"I found frustration in a hierarchy where you're the new one so, therefore, your opinion doesn't matter as much as someone who's been there for five years or 10 years," Mark says. "I still carry that with me and try to make sure that Coveteur is the opposite of that."

It was during this time she met Rosenberg and third co-founder Erin Kleinberg (no longer with Coveteur) on set for a photoshoot.

"We ended up toying with the idea of Coveteur and seeing what we could do online as a passion project because I was so unhappy where I was," says Mark.

The three enjoyed their creative and collaborative work and continued doing side gigs together.

"We honestly didn't launch this with any real business initiatives in mind," Mark says. But after being approached by clients and understanding they could monetize their side gig, they decided to commit to it full time.

One of Mark's notable visits was to Winfrey's Harpo Studios, her studio home of 25 years, for an exclusive final shoot as Winfrey cleaned out her wardrobe ahead of the studio closing.

"It was insane, honestly. It was so surreal. When she came in I was like, 'Am I having an out of body experience?'" Mark says.

Bobbi Brown built her makeup empire by talking to everyone she met

Mark says she had no previous connections to many of the big names she interviewed when they started their website. Instead, she praises cold-emailing and networking for helping her make the connections her team started forming in the industry.

"People I would think I would be nervous about, like Reese Witherspoon, I'm not so nervous with. But Arianna Huffington?" Mark says. "Super nervous." That likely has something to do with the fact that Mark says Huffington is a huge inspiration to her and looks up to how she grew the Huffington Post.

As a young business owner, Marks says Huffington has taught her the importance of always getting enough sleep and taking care of yourself.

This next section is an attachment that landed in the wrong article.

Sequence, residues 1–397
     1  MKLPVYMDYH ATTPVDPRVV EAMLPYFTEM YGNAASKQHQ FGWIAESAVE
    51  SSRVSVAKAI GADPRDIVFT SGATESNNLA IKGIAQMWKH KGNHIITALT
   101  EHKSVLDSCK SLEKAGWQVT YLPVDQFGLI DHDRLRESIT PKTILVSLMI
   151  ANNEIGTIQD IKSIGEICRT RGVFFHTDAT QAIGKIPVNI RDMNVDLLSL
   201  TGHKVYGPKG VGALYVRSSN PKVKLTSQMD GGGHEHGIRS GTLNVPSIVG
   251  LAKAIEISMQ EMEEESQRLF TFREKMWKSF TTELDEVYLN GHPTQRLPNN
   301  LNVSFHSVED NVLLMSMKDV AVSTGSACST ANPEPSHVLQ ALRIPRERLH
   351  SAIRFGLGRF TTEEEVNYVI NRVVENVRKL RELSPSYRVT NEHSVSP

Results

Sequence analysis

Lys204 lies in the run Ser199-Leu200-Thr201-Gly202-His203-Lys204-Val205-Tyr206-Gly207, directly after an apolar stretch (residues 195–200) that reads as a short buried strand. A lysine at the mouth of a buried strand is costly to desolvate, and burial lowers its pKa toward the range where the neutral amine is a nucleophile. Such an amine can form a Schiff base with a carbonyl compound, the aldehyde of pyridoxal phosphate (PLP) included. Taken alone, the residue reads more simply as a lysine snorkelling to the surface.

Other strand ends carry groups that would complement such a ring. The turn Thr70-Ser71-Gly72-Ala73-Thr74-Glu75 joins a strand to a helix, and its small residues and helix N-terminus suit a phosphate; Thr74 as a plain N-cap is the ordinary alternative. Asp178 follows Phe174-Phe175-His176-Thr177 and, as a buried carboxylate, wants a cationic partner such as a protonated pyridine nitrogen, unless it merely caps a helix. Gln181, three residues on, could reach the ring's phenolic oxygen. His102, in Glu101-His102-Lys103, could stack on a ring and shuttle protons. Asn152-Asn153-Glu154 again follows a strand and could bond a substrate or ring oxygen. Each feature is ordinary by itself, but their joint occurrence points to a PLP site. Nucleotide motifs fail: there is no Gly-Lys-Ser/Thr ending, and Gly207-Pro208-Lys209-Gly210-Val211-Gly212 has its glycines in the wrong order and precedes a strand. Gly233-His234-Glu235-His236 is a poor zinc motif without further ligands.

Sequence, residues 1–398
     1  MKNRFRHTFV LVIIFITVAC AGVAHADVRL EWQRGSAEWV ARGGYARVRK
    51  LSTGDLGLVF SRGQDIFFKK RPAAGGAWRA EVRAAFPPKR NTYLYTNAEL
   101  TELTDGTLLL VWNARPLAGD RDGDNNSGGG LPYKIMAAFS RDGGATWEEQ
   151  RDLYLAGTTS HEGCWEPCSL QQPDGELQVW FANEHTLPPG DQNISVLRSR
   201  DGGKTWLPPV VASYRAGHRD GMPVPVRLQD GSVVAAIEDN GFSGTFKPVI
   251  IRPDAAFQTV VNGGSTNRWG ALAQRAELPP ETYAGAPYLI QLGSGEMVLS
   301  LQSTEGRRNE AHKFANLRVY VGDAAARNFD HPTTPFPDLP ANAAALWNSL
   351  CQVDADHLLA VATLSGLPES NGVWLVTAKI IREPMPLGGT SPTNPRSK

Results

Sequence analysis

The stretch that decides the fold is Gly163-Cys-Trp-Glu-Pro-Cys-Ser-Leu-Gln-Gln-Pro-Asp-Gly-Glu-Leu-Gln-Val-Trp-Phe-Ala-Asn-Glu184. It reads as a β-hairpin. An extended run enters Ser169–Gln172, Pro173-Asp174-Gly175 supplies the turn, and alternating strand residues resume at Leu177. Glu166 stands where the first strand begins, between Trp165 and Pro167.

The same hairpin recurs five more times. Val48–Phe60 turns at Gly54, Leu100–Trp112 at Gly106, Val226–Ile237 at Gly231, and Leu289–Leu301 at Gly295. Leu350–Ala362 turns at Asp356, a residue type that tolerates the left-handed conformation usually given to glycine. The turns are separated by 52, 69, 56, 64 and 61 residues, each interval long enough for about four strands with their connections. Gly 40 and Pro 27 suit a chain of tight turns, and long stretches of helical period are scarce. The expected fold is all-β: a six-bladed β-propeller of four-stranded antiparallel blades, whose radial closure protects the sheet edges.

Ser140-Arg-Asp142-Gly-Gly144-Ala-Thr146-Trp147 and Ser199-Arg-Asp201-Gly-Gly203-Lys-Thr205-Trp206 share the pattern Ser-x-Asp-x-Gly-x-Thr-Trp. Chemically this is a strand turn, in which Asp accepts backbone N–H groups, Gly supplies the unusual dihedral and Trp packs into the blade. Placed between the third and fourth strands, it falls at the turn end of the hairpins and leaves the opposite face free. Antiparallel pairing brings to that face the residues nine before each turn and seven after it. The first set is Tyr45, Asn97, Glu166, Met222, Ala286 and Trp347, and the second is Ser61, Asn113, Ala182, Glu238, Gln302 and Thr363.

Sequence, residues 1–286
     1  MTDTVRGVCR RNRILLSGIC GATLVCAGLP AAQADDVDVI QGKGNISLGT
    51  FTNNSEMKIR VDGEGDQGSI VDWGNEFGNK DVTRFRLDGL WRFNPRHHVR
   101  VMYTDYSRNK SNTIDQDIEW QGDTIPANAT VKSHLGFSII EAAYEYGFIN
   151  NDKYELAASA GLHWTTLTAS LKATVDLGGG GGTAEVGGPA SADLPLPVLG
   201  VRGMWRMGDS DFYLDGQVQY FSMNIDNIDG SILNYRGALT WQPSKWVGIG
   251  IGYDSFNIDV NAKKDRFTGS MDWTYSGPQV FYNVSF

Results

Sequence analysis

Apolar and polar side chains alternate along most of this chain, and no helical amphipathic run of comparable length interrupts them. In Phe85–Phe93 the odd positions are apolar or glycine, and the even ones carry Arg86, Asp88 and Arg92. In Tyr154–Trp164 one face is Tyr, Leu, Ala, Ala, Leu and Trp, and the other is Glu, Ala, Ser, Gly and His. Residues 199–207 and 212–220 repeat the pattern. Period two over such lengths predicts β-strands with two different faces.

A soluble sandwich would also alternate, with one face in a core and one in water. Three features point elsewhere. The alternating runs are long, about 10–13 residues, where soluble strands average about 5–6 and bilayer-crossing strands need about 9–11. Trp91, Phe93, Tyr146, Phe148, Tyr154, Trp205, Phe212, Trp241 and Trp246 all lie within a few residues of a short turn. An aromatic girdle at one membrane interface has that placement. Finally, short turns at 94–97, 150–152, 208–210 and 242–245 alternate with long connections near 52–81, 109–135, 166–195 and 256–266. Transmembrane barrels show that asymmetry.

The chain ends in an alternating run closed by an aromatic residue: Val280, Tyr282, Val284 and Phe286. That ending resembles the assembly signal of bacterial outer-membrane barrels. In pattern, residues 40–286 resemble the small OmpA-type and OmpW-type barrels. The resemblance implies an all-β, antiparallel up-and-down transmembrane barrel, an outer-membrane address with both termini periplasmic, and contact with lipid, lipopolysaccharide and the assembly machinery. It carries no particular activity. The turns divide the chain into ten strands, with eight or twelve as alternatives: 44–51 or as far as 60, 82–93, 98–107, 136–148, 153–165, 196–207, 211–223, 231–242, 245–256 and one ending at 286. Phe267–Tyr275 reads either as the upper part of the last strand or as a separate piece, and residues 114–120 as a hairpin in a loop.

"Everyone's always go, go, go on their phones 24 hours a day, you can never not respond to an e-mail," Mark says. "But I think hearing someone really successful stress the importance of maybe slowing down a little bit was also really nice."

To this point, Mark adds that "being a girl boss is great," especially with "everyone supporting each other and rallying around that movement." However, she says it's also important to note that it's "not Instagram worthy all the time."

"I think it's easy especially with Instagram and social media for everyone to look like they're living their best life all the time," Mark says. "But running a company and being responsible for people is a big responsibility."

Part of that includes navigating difficult situations, like defining company culture or raising money. Mark says it's equally important to acknowledge your accomplishments along the way as well.

For those looking to turn their own passion projects into their full-time job, Mark says the most important and difficult part is to "just do it and start trying."

"If you just do it, you're already way ahead of everyone else who is still just talking about their idea," she says. "I really think just getting out there and putting the effort into trying is about 80 percent of it all."